finnish designers

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Antti Nurmesniemi featured image

Between 1949-50, he was a furniture designer at the Stockmann design office, Helsinki; 1951—56, he was furniture and interior designer in the Viljo Revell architecture office, HelsinkiRead More →

A Finnish long pile rug model Friends of Finnish Handicraft.

The Friends of Finnish Handicraft aims to document and promote typically Finnish textiles. The association was founded in 1879 by Fanny Churberg and inspired by the Swedish Friends of Handicraft association, founded five years earlier. The association has always worked closely with artists and architects and, from an early date, cooperated with, e.g. Jac Ahrenberg. The association collected and published a pattern book of traditional textile patterns in its early days. Read More →

Lisa Johansson-Pape featured image

Between 1928-30, she designed furniture for Kylmakoski; 1928—37, she was a textile designer for Friends of Finnish Handicraft. From 1952, its artistic director, 1937—49, was furniture, textile, and interior designer for Stockmann, Helsinki. Read More →

Rut Bryk featured image

In 1942, she worked for the pottery Arabia, Helsinki; from 1959, she was a freelance ceramics designer with Rosenthal, Selb. From the 1960s, she worked for Vassa Cotton Company.Read More →

Gunilla Jung glass and lighting

Gunilla Jung was a glass and lighting artist and Silversmith. She designed glassware for Karhula (later Iittala) in the 1930s at the Institute of Applied Arts in Helsinki. Maybe best known for her pioneering lighting projects, such as in Helsinki’s Savoy Theatre.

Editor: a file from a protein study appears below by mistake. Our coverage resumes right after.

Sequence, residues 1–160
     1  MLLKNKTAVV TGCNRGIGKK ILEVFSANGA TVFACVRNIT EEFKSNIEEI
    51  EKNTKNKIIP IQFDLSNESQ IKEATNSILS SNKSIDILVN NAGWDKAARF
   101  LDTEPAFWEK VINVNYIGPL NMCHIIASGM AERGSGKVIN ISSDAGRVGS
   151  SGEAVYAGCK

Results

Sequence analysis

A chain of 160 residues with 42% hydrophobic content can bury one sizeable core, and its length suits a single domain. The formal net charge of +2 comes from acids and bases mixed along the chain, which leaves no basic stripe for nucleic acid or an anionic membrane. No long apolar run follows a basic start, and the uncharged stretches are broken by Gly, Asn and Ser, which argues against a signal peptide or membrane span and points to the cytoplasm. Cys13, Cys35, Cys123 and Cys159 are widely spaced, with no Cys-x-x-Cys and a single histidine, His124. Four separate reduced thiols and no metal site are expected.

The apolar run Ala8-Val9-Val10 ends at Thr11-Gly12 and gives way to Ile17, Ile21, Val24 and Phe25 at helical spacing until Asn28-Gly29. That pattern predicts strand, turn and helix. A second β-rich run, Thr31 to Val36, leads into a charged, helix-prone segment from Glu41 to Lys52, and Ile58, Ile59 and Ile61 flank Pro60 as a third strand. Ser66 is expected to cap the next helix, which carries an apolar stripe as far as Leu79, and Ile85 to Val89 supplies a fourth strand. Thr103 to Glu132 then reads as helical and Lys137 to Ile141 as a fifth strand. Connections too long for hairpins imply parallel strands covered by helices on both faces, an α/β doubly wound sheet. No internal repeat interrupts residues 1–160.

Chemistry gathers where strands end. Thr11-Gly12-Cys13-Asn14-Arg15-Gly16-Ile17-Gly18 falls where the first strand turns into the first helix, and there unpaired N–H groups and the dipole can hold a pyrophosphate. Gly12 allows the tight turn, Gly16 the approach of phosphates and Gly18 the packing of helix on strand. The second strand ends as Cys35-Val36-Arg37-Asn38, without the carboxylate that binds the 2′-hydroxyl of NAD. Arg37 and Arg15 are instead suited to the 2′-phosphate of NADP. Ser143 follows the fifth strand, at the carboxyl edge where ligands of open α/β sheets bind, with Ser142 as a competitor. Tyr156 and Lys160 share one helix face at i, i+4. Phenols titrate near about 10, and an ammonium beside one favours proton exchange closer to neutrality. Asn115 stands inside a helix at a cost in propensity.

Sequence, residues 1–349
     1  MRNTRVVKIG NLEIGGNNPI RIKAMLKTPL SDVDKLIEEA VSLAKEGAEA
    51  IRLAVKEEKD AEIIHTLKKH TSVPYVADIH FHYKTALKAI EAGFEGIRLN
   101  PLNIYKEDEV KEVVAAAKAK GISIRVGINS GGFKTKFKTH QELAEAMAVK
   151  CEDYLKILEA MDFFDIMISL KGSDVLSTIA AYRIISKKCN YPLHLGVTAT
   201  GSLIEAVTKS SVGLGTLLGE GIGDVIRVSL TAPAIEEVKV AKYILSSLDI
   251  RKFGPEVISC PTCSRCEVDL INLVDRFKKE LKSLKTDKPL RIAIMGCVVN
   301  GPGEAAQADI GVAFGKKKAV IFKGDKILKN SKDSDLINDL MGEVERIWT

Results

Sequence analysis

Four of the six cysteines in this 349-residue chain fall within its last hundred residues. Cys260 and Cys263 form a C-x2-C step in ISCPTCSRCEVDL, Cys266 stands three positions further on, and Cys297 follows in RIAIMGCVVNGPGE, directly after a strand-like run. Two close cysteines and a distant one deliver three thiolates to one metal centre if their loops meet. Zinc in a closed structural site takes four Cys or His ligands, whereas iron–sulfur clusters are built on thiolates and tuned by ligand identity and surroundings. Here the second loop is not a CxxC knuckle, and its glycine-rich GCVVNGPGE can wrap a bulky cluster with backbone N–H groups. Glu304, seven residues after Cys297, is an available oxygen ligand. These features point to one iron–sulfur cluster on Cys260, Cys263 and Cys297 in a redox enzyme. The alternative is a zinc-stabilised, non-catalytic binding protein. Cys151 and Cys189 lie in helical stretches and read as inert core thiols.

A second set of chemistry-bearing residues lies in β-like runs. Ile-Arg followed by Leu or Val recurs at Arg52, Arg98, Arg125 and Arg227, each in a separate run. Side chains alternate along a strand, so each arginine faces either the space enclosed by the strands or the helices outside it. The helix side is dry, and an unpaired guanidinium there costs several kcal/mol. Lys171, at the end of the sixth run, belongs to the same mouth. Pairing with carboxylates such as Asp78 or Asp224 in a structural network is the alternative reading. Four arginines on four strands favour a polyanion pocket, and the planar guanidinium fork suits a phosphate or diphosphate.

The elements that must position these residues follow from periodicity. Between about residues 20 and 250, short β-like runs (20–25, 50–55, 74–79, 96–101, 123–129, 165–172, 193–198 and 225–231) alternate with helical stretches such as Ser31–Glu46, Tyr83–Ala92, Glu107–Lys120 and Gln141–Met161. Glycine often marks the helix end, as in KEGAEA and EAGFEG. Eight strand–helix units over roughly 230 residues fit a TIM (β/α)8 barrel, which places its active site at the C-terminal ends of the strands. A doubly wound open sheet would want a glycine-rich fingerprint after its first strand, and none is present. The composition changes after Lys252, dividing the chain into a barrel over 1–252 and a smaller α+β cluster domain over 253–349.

Taito created her first silver designs and, later in the 1930s, others by Viri and KultaseppĂ€t. She worked with Frans NykĂ€nen, who at varying times was a director at both silversmithies.Read More →

Finlandia House Convention Centre

Aalto was considered a hero in Finland. He was responsible for much planning and construction following the end of the war between Finland and the soviet union in 1944.Read More →

Yki Nummi 'Kuplat' Pendants for Innolux Oy, Finland

The versatile designer Yki Nummi (1925-1984) was born in China to a missionary family. He studied in Finland and after graduating from the University of Art and Design Helsinki, he was hired as a lamp designer for Orno. His most famous products are the timeless icons Modern Art table lamp and Skyflier pendant lamp.Read More →

Perttu Mentula (b.1936) was a Finnish architect and interior, exhibition, product, graphic, and furniture designer.Read More →

Borje Rajalin featured image

Borje Rajalin is a Finnish Jewellery Designer.

Rajalin worked at Bertel Gardberg’s silversmith from 1952 – 1956.  His design work included technical equipment, plastic fittings, cutlery, stainless steel table and cookware and with Anti Nurmesniemi in 1972 a train for the Helsinki Railway.  They collaborated with station designers to make the metro stations modern and chic.  Rajalin produced silver designs for Bertel Gardberg and jewellery for Kalevala Koru.  He taught at Taideeteollinen Oppilaitos and was the director of Taidetelinen Ammattikoulu in Helsinki.Read More →